Winter’s silence is deceptive: fruit trees and roses sleep in their dormant state, buds closed tight to protect from the cold, sap huddled low in the roots until it rises in spring. Some trees have been completely burned, others look charred on the surface while inside they’re alive and growing. Even dead trees still provide habitat for animals, fungus, and lichens; and their roots prevent erosion by retaining soil. Other plants have retreated into the earth to take in its nourishment. Bulbs are popping up everywhere; and native grasses and flowers flourish in burned landscapes – some species appear exclusively after fires; this year’s wildflower blooms are predicted to be spectacular.

The amazing resilience of birds and other fauna throughout this disaster are inspiring: birds’ ability to fly allows them to escape to safety, and locate water; and fortunately the fires occurred in autumn, not when birds nest. As spring arrives to replenish winter’s sparse food sources, birds are able to nest and find more seeds, berries, and insects. Woodpeckers, for instance, thrive after wildfires: they enter burned forests to find beetle infestations, as smoke- and heat-sensing beetles lay eggs in charred tree cavities. Feasting on these larvae, woodpeckers hollow out nesting holes that are later used by other birds like chickadees, titmice, bluebirds, wrens, and nuthatches. Spotted owls take full advantage of these burned landscapes.

In charred swaths of parks like Trione-Annadel in the Sonoma Valley, mushrooms that only grow in the aftermath of fires are helping their tree partners recover, by taking up water and nutrients in their mycelia. Mycologists are still learning about these integral relationships, which largely take place beneath the soil.

Fire ecology is still an emerging science, and with recent events, we’re scrambling to better understand it. While fire suppression was prioritized for decades – especially with human development making deeper incursions into the landscape – now scientists are beginning to see the benefit of cooler underbrush fires, and even very hot fires that burn entire trees, to maintain the overall health of forests over time. Fires have occurred naturally in the landscape for thousands of years; and plants, animals and birds have adapted to them, each in their individual ways. They are all part of nature’s recurring cycles of creation, and the destruction that makes way for rebirth and renewal. Fires are part of our ecosystem, and if anything, we’ve learned in the last year that they’ll likely grow in intensity and frequency; and as humans, we have to learn from the natural world, and adapt ourselves as well. We, too, are a remarkably resilient species!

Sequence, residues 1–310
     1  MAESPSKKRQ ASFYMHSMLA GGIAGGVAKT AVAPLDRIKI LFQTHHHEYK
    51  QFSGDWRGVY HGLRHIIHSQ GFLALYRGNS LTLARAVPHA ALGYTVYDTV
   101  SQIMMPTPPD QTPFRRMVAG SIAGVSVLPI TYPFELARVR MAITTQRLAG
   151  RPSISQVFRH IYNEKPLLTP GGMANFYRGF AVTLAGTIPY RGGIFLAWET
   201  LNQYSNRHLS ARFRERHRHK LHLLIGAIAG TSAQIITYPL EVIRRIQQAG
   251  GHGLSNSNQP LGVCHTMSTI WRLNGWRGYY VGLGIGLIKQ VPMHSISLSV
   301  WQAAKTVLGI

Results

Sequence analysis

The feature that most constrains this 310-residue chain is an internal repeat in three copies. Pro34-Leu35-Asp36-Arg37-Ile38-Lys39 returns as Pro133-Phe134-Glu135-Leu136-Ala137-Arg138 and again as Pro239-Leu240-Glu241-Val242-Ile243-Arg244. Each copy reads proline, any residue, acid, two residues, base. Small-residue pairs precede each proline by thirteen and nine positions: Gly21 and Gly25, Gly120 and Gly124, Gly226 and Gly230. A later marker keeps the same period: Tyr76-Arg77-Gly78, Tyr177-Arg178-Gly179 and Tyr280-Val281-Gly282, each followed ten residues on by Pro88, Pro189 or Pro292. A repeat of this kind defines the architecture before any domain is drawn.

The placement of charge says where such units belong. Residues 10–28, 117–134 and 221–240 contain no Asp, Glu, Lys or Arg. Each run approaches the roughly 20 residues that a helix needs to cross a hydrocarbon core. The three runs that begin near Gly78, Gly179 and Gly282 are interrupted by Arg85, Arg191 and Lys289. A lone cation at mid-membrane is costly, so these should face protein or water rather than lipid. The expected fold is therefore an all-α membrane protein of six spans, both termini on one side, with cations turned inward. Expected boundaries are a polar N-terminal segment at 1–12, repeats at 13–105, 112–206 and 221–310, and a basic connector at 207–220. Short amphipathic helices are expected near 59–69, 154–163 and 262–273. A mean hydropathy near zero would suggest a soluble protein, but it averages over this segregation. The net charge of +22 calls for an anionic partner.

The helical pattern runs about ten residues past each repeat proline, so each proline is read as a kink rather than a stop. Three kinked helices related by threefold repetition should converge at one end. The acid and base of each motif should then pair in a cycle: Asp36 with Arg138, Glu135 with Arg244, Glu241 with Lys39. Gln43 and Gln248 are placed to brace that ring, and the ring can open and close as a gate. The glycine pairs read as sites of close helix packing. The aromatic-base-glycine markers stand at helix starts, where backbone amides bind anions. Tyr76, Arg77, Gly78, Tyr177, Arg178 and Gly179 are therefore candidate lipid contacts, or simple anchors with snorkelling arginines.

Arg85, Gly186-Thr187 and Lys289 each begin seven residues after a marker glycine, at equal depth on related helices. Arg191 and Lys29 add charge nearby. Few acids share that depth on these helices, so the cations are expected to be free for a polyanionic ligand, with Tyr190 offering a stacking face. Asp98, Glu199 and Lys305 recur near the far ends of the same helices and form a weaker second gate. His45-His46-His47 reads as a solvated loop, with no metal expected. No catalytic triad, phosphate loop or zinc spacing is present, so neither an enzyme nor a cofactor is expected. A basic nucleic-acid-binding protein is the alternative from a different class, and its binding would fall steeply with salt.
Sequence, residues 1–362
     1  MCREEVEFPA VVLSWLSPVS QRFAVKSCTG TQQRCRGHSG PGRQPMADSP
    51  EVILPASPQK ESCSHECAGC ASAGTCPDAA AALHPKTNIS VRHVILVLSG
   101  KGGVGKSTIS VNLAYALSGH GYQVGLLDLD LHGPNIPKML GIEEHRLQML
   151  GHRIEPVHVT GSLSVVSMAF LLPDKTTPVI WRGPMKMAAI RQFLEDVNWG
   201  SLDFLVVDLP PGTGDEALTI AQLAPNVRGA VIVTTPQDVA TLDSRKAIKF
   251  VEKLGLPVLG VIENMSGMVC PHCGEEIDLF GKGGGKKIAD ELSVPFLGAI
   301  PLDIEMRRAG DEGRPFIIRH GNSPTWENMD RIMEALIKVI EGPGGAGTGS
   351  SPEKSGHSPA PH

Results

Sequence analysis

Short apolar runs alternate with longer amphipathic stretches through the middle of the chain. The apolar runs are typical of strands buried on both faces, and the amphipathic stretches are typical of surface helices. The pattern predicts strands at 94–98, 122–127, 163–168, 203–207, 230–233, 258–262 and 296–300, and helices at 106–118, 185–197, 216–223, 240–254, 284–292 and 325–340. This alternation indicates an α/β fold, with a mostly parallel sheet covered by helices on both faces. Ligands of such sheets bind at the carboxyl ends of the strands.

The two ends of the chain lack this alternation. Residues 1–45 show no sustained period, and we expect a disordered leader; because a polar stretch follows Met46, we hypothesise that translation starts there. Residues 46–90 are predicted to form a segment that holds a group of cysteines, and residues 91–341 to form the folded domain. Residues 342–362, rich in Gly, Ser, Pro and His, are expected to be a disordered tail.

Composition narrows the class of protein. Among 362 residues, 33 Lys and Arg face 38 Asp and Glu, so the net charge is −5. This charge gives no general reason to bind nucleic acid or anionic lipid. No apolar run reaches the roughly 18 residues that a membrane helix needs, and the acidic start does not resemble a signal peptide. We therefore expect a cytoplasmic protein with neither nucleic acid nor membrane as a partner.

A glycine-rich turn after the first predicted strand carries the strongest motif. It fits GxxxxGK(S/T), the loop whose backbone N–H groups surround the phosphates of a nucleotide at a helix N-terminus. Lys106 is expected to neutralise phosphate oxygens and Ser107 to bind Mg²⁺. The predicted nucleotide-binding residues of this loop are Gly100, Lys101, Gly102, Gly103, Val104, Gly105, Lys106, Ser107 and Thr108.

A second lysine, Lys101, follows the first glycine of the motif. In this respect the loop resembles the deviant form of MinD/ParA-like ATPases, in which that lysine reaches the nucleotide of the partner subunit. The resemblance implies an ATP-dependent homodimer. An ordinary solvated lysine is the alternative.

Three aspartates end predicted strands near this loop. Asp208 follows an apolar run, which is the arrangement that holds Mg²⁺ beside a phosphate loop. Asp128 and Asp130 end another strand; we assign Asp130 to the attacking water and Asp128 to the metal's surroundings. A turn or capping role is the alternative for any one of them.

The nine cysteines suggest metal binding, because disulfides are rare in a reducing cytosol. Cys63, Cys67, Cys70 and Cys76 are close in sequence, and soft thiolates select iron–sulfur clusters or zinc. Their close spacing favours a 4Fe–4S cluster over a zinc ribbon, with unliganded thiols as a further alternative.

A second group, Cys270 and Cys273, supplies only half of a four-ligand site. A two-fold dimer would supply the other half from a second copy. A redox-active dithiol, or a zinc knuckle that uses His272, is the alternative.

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Saving the Soil on the Winter Solstice

Winter solstice traditionally commemorates the end of the growing season – the year’s shortest day and longest night – and return of living things to the soil. As the days begin to lengthen once again, it’s a time of quieting down, introspection, and regeneration for the coming year.